In my previous post on the Volcker Rule, I admittedly glossed over the real issue in my second prediction. This issue is important, but it’s also reasonably complex (way too complex for some people, I suspect), and it requires some context and explanation to fully appreciate.

The statutory text of the Volcker Rule contained a glaring flaw: the statute prohibited proprietary trading by basically defining everything as “proprietary trading,” and then carving out exemptions for everything else. This was a colossal mistake for a variety of reasons, but the most important reason is that rather than having the regulators simply define “proprietary trading,” it put the regulators in the position of having to define every form of legitimate trading that banks do — underwriting, market-making, hedging, etc. Obviously, that’s a much, much more difficult task, and one that’s significantly more likely to lead to problems due to gaps — whether intended or unintended — in the proposed rule’s exemptions. It’s hardly a targeted solution to the problem of government-backed prop trading, to say the least. (I imagine the ultimate blame for this lies with someone in the Legislative Counsel’s office, although Merkley and Levin’s offices bear some blame here too, as they were clearly in way over their heads during this entire process.)

‘Flipping the Presumption’

The upshot of this is that it creates a presumption that all trades are prohibited prop trades, unless proven otherwise. What the banks want to do is to flip the presumption — instead of regulators scrutinizing whether each trade falls into one of the nine “permitted avtivities” exemptions, regulators would be scrutinzing whether each trade is a prohibited prop trade.

Whether flipping the presumption would dilute the strength of the ban on prop trading depends entirely on the quantitative and qualitative metrics that regulators ultimately use to identify prohibited prop trades. The right metrics would appropriately identify prohibited prop trades, while the wrong metrics could either identify too many trades as prop trades, or too few. But that’s where the debate would shift — or rather, should shift — if the regulators flipped the presumption. (The metrics described in the proposed Volcker Rule would, if anything, be overinclusive, and would require the regulators to apply some judgment to flagged trades — which I think is appropriate.)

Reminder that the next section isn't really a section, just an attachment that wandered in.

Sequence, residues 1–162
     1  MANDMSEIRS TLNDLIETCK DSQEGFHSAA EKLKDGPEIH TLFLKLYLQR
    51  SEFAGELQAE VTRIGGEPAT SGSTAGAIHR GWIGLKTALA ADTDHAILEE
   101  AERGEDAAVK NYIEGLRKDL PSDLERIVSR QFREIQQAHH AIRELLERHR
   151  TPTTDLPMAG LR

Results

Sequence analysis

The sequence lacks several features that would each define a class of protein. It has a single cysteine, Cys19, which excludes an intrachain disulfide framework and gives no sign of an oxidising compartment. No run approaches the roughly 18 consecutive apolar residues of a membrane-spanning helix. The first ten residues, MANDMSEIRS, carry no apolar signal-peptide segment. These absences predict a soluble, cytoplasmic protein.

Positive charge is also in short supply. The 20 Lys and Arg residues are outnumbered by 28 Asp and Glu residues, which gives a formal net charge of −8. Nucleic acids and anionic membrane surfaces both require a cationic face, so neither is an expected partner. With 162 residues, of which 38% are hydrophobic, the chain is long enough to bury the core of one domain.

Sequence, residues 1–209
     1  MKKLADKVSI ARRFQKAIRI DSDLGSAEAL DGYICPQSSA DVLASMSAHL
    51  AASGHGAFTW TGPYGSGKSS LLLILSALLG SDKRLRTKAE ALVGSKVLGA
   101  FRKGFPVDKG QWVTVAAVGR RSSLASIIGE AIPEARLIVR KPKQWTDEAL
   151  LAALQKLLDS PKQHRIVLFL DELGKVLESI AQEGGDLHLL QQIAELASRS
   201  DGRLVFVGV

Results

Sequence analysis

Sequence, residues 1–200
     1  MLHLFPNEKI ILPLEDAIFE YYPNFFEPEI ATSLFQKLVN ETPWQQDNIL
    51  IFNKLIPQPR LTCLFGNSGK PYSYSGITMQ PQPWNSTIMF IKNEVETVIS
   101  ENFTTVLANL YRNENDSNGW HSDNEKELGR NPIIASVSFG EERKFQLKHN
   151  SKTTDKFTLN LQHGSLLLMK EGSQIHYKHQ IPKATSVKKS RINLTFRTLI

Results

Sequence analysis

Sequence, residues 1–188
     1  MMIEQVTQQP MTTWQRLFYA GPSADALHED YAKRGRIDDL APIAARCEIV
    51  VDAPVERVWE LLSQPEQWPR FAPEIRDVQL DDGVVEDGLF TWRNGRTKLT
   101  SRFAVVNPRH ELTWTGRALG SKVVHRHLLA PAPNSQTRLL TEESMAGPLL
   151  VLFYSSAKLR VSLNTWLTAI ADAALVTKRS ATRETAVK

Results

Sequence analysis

Now, regulators only have so much discretion here. The statute is the statute, and flawed though it may be, regulators still have to work within its confines. But there are ways to effectively flip the presumption.

One way to do this is to define the main exemptions (market-making, hedging, and underwriting) very broadly, but include a carve-out for trades done for the “trading account” — which is, bizarrely, where the real definition of proprietary trading is located in the statute. The effect of this would be to allow regulators to focus on whether a bank’s trades exhibit the characteristics of trades done for the “trading account” (i.e., prop trades), based on the quantitative and qualitative metrics the regulators have identified, rather than focusing on whether each trade can fit into one of the defined exemptions. In other words, the presumption would be that a trade falls into the market-making or hedging exemptions, unless the regulators believe otherwise.

This is basically what I predicted the regulators would do in my previous post — although, crucially, I limited my prediction to the market-making exemption, and I said that the regulators would make this an “alternative” market-making test. A broader market-making exemption with a metrics-heavy carve-out for prohibited prop trading would go a long way toward: (a) alleviating concerns about the Volcker Rule’s impact on market-making without necessarily diluting the prop trading ban; and (b) making the regulators’ task a lot less daunting, and a lot less likely to cause unforeseen and unintended disruptions to the financial markets.

Since there's evidently a substantial amount of confusion surrounding Greece CDS procedures, I thought it would be helpful to post this: